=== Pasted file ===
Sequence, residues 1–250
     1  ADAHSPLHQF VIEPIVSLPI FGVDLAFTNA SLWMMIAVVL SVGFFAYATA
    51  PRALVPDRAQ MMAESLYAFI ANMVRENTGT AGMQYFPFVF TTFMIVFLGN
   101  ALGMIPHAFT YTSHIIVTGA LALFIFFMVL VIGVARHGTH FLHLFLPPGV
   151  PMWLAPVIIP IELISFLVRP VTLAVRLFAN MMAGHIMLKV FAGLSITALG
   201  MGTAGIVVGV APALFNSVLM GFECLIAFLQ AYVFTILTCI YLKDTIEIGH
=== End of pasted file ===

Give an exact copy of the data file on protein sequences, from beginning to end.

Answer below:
Sequence, residues 1–250
     1  ADAHSPLHQF VIEPIVSLPI FGVDLAFTNA SLWMMIAVVL SVGFFAYATA
    51  PRALVPDRAQ MMAESLYAFI ANMVRENTGT AGMQYFPFVF TTFMIVFLGN
   101  ALGMIPHAFT YTSHIIVTGA LALFIFFMVL VIGVARHGTH FLHLFLPPGV
   151  PMWLAPVIIP IELISFLVRP VTLAVRLFAN MMAGHIMLKV FAGLSITALG
   201  MGTAGIVVGV APALFNSVLM GFECLIAFLQ AYVFTILTCI YLKDTIEIGH